The Eckelmann-Taylor Speech and Hearing Clinic provides evaluation and intervention services to adults who have experienced cognitive-communication concerns as a result of a neurological event or episode, or a degenerative disease process.
What is it?
A cognitive-communication impairment is caused by an underlying cognitive deficit, as opposed to a speech and language deficit. This impairment can lead to difficulty with aspects of cognition such as attention, memory, organization, problem-solving and reasoning, processing speed, language, and executive function. A cognitive-communication disorder can affect many aspects of a person’s life, in a variety of ways. Activities of daily living that were once manageable and automatic, may appear more challenging.
More specifically, a person with a suspected or confirmed cognitive-communication disorder may show reduced awareness and ability to appropriately communicate his or her needs to other people. A person with difficulty in this area may also show a decrease in awareness of his or her impairment and how it has affected communication. Memory and judgement may also be impacted in a person with a cognitive-communication disorder, and experiences and conversations shared with others may be easily forgotten. Social communication difficulty and the ability to control ones’ emotions are other possible symptoms of a cognitive-communication impairment.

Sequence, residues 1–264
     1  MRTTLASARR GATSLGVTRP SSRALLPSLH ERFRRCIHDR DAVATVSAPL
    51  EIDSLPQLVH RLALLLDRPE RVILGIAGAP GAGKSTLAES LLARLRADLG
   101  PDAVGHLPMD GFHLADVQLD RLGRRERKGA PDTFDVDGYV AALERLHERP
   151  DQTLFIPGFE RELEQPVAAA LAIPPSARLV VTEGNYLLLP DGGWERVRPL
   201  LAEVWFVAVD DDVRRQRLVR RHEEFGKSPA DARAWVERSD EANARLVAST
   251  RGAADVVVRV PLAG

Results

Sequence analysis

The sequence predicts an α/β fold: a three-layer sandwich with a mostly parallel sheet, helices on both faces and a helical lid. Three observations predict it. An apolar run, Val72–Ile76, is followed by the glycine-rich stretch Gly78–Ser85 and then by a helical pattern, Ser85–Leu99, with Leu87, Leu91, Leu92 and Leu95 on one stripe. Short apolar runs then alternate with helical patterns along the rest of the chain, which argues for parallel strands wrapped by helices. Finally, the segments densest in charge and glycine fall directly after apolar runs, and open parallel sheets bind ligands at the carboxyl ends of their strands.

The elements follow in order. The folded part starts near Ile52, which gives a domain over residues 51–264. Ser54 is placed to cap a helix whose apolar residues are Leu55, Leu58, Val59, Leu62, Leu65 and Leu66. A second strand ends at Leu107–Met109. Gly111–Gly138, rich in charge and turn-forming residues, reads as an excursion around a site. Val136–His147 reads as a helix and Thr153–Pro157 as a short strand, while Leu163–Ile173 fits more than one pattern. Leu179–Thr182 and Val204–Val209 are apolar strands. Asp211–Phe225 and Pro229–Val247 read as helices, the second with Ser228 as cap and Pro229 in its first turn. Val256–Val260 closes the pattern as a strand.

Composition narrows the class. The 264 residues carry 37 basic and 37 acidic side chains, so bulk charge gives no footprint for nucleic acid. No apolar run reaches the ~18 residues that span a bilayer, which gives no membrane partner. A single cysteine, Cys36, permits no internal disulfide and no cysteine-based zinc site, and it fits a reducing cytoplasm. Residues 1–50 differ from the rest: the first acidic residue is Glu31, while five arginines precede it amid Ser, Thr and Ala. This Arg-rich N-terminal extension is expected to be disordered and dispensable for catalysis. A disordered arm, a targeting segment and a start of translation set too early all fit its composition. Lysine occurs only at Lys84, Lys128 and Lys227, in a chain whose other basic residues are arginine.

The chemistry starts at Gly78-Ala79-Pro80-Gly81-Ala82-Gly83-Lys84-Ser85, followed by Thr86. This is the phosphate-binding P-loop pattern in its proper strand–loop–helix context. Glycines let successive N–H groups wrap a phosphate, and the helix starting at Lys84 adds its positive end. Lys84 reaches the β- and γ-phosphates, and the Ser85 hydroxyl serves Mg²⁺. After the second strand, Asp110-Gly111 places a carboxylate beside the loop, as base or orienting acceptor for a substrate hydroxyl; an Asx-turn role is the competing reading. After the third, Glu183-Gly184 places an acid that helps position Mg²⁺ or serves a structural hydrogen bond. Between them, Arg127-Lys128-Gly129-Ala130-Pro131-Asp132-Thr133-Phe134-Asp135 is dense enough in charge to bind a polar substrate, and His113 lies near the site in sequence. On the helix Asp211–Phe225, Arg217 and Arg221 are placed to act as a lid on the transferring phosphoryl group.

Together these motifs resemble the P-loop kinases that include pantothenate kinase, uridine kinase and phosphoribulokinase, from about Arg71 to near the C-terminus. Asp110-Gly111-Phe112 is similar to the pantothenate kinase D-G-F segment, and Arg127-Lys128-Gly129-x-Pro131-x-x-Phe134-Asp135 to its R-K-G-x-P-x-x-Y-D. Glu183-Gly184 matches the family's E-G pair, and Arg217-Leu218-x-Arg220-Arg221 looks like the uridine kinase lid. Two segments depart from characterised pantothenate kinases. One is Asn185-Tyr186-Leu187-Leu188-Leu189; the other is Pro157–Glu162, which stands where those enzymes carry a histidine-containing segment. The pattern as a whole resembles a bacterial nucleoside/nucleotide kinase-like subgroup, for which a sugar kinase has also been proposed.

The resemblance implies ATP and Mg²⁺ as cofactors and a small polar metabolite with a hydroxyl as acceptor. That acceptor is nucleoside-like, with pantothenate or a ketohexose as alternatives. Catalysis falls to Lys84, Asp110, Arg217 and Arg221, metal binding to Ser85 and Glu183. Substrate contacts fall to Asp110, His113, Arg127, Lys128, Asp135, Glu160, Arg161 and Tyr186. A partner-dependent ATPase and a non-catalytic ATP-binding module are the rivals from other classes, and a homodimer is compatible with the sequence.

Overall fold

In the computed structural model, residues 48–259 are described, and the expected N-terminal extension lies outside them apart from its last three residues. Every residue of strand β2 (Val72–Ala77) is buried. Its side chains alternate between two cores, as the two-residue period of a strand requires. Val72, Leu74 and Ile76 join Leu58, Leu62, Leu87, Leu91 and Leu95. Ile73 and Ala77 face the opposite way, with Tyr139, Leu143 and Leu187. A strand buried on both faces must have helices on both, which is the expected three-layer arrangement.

While there are a number of etiologies associated with a cognitive-communication impairment, most concerns arise following brain tumors, stroke, traumatic brain injury, Alzheimer’s disease, or other degenerative diseases.
How can a speech-language pathologist help?
Speech-language pathologists at Illinois State University can provide resources and intervention services at the individual and group level, to persons affected with a cognitive-communication impairment. Here, evaluation and treatment are aimed at rehabilitating and strengthening areas of the brain that have impacted cognitive function and communication.